The U.S. Supreme Court has approved a decision allowing states to force online retailers, such as Amazon and Wal-Mart, to collect sales tax on their sales. The decision changes lax enforcement around tax collection that allowed businesses to essentially under-price brick and mortar outlets by claiming they were serving customers outside of the tax collection zone for their state.
• The decision challenges an earlier decision made in 1992 that established guidelines stating that online retailers only had to charge sales tax for customers within their own state.
• Wayfair Inc, Overstock.com Inc and Newegg Inc have all challenged the new law, calling it damaging to the e-commerce industry. Shares from all three businesses dropped substantially after the decision was announced.
• The decision also impacts third-party auction and seller sites like Amazon, even when the company itself isn’t doing the selling. Previously, Amazon left sales tax at the seller’s discretion; now, it may be forced to collect tax from the seller or to ensure that taxes get collected at the moment of purchase.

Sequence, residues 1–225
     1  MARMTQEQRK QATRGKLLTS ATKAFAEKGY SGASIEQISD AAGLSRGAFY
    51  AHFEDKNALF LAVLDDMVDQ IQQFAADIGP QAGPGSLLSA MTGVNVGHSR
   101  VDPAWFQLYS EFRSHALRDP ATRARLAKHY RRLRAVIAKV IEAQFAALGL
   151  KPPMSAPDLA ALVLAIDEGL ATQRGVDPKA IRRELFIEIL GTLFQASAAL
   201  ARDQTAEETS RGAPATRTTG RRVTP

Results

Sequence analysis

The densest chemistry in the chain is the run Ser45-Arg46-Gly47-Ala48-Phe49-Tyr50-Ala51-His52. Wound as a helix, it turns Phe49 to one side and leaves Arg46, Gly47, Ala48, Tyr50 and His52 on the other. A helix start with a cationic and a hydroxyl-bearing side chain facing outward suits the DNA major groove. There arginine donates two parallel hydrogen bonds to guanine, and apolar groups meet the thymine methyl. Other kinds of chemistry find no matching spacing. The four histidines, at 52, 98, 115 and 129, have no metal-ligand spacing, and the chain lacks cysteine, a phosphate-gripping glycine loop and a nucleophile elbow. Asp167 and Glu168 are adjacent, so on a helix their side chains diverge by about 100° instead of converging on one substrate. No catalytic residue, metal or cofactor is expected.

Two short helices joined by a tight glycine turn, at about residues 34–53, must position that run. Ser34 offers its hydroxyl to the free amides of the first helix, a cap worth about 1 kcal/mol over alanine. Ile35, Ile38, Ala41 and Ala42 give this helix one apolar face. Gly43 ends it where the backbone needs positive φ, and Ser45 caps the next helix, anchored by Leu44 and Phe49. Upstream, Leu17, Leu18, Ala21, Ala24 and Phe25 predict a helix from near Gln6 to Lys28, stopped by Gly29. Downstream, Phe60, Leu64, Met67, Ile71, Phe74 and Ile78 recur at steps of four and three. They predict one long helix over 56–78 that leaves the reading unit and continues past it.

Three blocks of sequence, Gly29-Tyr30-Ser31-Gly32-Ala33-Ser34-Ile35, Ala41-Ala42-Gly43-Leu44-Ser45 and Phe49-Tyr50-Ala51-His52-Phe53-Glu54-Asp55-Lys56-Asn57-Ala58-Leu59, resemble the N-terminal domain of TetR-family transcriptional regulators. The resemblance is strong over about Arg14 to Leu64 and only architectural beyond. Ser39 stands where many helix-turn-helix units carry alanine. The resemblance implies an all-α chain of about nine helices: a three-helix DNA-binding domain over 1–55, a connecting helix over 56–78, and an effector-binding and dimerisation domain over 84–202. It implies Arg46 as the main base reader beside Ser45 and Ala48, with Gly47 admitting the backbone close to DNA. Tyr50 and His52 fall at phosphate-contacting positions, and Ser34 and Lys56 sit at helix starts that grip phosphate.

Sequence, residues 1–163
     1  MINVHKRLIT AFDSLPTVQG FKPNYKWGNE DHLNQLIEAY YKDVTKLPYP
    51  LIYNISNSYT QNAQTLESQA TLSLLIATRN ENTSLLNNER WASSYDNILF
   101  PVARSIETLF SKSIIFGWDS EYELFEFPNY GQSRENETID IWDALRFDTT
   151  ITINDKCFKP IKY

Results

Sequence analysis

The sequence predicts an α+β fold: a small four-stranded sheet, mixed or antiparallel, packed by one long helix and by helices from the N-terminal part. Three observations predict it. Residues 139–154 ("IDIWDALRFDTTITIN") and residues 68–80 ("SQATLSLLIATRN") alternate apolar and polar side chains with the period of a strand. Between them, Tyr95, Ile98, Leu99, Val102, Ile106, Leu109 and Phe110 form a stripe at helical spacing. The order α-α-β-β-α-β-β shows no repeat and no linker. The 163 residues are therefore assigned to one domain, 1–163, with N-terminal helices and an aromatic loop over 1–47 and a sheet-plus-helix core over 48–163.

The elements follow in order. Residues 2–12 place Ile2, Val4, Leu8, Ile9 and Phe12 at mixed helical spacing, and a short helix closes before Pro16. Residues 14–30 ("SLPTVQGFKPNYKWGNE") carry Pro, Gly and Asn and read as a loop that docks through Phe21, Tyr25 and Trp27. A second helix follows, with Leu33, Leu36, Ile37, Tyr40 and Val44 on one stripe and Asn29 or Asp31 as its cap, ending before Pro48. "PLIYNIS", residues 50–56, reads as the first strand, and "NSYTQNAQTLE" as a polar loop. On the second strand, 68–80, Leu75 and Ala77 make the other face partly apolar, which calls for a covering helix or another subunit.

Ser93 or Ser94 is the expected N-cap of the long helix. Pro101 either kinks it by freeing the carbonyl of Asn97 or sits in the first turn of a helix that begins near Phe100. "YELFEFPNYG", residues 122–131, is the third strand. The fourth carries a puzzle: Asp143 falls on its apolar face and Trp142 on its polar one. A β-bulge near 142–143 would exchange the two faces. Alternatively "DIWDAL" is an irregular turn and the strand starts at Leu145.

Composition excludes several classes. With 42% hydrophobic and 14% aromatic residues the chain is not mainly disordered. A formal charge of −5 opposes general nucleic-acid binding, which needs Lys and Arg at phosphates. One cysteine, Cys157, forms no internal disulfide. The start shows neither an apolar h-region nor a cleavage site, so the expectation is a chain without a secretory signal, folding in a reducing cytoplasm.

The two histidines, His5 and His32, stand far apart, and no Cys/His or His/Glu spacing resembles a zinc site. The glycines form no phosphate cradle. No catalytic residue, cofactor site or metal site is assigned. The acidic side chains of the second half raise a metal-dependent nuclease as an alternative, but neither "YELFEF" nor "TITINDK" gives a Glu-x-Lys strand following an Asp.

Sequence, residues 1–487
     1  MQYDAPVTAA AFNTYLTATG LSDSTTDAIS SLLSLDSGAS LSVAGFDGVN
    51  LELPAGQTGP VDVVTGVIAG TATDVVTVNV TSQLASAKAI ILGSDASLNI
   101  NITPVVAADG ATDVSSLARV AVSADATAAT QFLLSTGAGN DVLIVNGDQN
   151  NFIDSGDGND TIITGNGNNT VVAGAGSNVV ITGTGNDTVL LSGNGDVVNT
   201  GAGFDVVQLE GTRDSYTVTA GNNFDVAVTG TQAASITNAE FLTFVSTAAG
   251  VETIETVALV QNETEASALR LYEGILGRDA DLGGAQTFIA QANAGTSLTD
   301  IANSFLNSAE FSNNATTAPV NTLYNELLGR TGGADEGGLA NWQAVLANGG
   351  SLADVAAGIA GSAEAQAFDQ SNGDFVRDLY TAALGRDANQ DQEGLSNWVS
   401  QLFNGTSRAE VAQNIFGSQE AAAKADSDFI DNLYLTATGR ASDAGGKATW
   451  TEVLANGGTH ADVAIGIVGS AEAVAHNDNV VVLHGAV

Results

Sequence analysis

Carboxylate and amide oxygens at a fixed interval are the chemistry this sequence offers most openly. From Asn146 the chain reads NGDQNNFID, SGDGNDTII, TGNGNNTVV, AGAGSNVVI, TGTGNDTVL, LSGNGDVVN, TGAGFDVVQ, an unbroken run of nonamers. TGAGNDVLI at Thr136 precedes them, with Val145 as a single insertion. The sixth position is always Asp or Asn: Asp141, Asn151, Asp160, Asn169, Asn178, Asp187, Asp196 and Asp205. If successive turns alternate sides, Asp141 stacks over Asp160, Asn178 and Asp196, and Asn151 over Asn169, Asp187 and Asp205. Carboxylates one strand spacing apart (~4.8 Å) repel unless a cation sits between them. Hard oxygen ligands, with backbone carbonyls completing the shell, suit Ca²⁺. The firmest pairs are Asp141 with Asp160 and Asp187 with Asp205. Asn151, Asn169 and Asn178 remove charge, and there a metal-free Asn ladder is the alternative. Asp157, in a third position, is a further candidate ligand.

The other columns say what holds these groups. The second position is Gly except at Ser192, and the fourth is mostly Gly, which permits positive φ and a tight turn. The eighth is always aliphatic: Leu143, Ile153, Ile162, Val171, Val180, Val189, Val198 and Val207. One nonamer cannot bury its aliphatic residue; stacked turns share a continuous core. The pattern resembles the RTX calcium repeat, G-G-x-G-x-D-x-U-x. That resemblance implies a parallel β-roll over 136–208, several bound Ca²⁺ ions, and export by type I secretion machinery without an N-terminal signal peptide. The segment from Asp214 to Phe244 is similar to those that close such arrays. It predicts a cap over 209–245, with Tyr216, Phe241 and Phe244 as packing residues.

• President Trump applauded the change, calling it a “Big victory for fairness” and a “great victory for consumers and retailers.”
• The changes are likely to affect consumers more than retailers. If you currently purchase merchandise online, you may finding yourself paying more for those items at the virtual till. Right now, direct retail outlets are most likely to increase prices, but the change could eventually affect businesses like Hulu, Netflix, and other digital delivery platforms.
• Justice Anthony Kennedy, who penned the ruling, was quick to remind people of why the change is happening, explaining that it ensures “artificial competitive advantages are not created.” Certainly, online retailers had an artificial advantage created by the lack of enforcement across the board.
• It will still be up to each state to enforce sales tax collection for retailers. Technically, states are supposed to enforce collection, but may choose to avoid forcing retailers into it when serving consumers out of state.